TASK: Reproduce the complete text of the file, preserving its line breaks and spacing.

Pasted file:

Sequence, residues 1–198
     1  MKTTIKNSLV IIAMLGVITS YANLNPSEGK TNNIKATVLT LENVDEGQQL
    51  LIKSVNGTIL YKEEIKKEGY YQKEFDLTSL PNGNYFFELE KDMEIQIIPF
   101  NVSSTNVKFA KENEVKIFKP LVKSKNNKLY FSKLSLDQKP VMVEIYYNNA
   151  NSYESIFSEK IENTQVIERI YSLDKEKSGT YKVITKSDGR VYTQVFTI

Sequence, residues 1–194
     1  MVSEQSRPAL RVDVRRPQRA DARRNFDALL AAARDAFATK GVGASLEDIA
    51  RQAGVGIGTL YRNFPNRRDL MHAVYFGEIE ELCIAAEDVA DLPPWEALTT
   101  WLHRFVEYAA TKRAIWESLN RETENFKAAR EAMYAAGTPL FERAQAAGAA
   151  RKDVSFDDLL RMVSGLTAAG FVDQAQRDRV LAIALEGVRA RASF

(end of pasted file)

Sequence, residues 1–198
     1  MKTTIKNSLV IIAMLGVITS YANLNPSEGK TNNIKATVLT LENVDEGQQL
    51  LIKSVNGTIL YKEEIKKEGY YQKEFDLTSL PNGNYFFELE KDMEIQIIPF
   101  NVSSTNVKFA KENEVKIFKP LVKSKNNKLY FSKLSLDQKP VMVEIYYNNA
   151  NSYESIFSEK IENTQVIERI YSLDKEKSGT YKVITKSDGR VYTQVFTI

Sequence, residues 1–194
     1  MVSEQSRPAL RVDVRRPQRA DARRNFDALL AAARDAFATK GVGASLEDIA
    51  RQAGVGIGTL YRNFPNRRDL MHAVYFGEIE ELCIAAEDVA DLPPWEALTT
   101  WLHRFVEYAA TKRAIWESLN RETENFKAAR EAMYAAGTPL FERAQAAGAA
   151  RKDVSFDDLL RMVSGLTAAG FVDQAQRDRV LAIALEGVRA RASF